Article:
Net Investment Income Tax- A Hit to Your Investments

 In Tax Filing, Tax Planning

If you invest in stocks, bonds, mutual funds, ETFs, cryptocurrency, real estate, or other assets that produce income and gains, then you definitely know how tough it can be to achieve a successful result. This is especially true in 2022—many analysts have described the recent downtown in the crypto markets as a “crypto crash” and we have been teetering on the brink of a bear market with securities. And who knows, by the time you read this we may be in one!

Well, let’s assume you did well in buying and selling at optimal times or producing interest, dividends, or rental income as a result of your investment choices. Let’s also assume that these investments did not take place within a tax-sheltered account such as a 401k or IRA. You now have additional taxable income.

Most investors are aware that the IRS taxes this additional income at your marginal tax rate (your federal tax bracket) unless the preferable capital gains rates of 0%, 15%, or 20% apply (such as in situations in which you have long-term capital gains or qualified dividends). If you live in a state that also taxes income, you can also tack on the state’s marginal tax rate (your state tax bracket) or the flat tax rate that applies if your state does not use graduated tax rates (such as my state—North Carolina). But did you know you may also have to pay a third tax called Net Investment Income Tax (NIIT) on your investment income?

What is Net Investment Income Tax (NIIT)?

NIIT is an additional tax on investment income assessed on a taxpayer’s individual, estate, or trust tax return in circumstances where the taxpayer’s income is above certain thresholds. In layman’s terms, the tax aims to target higher income and higher wealth taxpayers. NIIT went into effect on January 1, 2013, as part of the Health Care and Education Reconciliation Act to provide health care funding for Americans who have insurance under the Affordable Care Act (Obamacare). Although the Shared Responsibility Penalty (individual mandate penalty) that applied to taxpayers who did not maintain health insurance has been reduced to $0 beginning in 2019, the NIIT remains in place and is assessed on many of my clients’ tax returns each year.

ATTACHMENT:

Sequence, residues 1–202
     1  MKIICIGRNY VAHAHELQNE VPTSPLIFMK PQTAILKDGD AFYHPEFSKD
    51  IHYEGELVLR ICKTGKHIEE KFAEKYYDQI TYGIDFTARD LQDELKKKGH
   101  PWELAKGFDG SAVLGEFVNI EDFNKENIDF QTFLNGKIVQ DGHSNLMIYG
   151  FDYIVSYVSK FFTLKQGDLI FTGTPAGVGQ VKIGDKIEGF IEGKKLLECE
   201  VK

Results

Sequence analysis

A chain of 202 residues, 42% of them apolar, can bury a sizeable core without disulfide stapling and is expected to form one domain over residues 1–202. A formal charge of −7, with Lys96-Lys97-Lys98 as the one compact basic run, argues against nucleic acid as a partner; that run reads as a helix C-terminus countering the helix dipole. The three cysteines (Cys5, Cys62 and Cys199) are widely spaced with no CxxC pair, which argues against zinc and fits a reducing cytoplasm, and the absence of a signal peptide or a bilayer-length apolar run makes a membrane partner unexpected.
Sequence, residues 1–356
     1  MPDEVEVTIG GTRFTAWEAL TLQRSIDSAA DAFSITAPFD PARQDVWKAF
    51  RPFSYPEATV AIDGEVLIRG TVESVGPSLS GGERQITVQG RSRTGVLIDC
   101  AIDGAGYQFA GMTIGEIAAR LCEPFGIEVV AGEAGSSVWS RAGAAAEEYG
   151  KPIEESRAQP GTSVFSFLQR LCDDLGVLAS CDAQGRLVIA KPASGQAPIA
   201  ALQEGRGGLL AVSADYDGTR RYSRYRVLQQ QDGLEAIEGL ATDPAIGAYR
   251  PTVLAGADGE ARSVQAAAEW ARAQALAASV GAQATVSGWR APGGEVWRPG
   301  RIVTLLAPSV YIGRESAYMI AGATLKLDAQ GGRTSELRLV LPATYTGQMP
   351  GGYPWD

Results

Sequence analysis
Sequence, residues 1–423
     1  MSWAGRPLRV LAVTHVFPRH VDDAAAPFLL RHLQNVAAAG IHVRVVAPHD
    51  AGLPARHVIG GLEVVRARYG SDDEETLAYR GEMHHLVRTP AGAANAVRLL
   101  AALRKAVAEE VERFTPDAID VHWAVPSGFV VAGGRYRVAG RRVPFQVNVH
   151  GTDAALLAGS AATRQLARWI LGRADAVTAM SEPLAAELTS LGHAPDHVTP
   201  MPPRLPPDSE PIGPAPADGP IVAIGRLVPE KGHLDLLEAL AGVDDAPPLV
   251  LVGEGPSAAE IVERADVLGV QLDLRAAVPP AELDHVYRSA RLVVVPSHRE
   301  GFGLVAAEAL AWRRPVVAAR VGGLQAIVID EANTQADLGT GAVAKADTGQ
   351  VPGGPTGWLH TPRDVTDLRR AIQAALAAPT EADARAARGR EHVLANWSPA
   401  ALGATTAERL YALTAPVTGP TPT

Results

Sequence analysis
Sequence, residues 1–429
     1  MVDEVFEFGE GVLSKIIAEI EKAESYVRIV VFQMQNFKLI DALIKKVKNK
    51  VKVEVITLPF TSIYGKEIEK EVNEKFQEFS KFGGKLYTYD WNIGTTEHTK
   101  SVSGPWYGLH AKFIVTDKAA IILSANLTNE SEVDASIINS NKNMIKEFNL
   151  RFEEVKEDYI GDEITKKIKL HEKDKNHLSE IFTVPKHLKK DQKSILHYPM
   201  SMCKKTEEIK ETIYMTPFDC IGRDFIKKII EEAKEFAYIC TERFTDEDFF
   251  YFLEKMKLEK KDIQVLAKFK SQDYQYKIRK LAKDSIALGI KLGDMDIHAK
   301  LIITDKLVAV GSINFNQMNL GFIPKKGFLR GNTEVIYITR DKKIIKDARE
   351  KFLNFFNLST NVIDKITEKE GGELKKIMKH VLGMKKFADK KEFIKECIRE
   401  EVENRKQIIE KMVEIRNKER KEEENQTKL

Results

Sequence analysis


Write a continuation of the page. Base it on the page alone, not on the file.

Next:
How Much Tax Are You Paying on Your Investment Income?

If you are subject to NIIT, let’s assume that you are in the highest tax bracket, which is currently 37% for federal tax. Let’s further assume that you live in California, and you are subject to the highest tax bracket, which is potentially 13.3% if your income for that year exceeds $1 million (and this can happen to an ordinary married couple, both working in Silicon Valley, who sold some appreciated real estate that is not subject to the principal residence exclusion). Then let’s assume that you are subject to the NIIT of 3.8%. You are now paying taxes of 54.1% on your investment income, meaning that the government is getting most of the money that you have earned from your investments! And this is not anything new under the Biden Administration- these rates have been in place for several years. But regardless of how long the rates have been in place, this is a huge tax hit for which higher-income taxpayers should definitely implement planning strategies.

What is Considered Investment Income for NIIT Purposes?

Investment income generally includes interest, dividends, capital gains, rental and royalty income, and income from passive activity businesses (i.e. K-1 income that is considered passive because you do not actively participate in the business). However, you are potentially allowed to offset certain state taxes and investment expenses (from Schedule A that are taken as an itemized deduction) against your investment income before NIIT is calculated, so be sure to always provide your CPA with details on your investment advisory and brokerage fees, rental and royalty expenses, and other investment-related expenses that can potentially offset your net investment income if you are a taxpayer who itemizes deductions.

Who Has to Pay NIIT?

Single and Head of Household filers start paying NIIT when their modified adjusted gross income (MAGI) is over $200,000 and Married Filing Jointly and Qualifying Widow(er) filers start paying net investment tax when their MAGI is over $250,000 (bonus points for you if you noticed the marriage penalty). The threshold for Married Filing Separately is a MAGI over $125,000. These amounts are not adjusted for inflation, which means that NIIT tends to hit more taxpayers with each passing year since wages tend to go up over time.

NIIT is reported on Form 8960. Keep in mind that NIIT is not assessed against all of a taxpayer’s net investment income once it reaches the threshold, it is assessed against the lesser of the taxpayer’s net investment income or the amount by which the taxpayer’s MAGI exceeds the threshold. If that sounds confusing, just keep in mind that this is a good result—such that if a taxpayer’s MAGI was $1 over the threshold he or she would only pay NIIT on that $1 not on the entirety of his or her net investment income.

If you have any questions about NIIT, strategies to reduce your NIIT liability, or other tax strategies, feel free to contact me using the form below.


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